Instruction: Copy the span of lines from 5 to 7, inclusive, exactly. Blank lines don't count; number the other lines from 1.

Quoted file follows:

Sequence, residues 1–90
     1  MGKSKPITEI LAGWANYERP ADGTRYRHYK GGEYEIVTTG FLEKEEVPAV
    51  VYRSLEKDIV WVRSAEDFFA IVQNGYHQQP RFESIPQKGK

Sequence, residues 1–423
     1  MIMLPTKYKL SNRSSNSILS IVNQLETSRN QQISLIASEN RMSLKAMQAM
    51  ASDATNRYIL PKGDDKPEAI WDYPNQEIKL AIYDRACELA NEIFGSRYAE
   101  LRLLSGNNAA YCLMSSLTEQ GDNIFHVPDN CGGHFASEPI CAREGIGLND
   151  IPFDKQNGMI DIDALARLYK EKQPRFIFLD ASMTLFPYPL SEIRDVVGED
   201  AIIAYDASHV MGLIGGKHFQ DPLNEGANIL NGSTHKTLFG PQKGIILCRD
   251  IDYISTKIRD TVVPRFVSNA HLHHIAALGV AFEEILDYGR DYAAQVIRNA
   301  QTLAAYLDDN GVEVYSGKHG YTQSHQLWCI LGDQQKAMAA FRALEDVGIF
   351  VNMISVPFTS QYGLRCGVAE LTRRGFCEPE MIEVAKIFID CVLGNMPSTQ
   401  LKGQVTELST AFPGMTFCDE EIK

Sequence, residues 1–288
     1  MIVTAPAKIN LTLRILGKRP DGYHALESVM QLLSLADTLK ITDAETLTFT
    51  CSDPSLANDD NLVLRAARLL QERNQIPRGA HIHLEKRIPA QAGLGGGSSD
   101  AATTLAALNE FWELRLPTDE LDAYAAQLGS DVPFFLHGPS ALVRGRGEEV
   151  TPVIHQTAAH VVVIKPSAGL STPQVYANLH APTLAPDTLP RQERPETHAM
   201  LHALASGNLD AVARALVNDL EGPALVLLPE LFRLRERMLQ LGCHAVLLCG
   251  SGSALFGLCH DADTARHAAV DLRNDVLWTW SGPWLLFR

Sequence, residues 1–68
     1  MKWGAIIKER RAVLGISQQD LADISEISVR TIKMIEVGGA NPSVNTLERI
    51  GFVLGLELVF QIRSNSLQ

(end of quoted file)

     1  MIMLPTKYKL SNRSSNSILS IVNQLETSRN QQISLIASEN RMSLKAMQAM
    51  ASDATNRYIL PKGDDKPEAI WDYPNQEIKL AIYDRACELA NEIFGSRYAE
   101  LRLLSGNNAA YCLMSSLTEQ GDNIFHVPDN CGGHFASEPI CAREGIGLND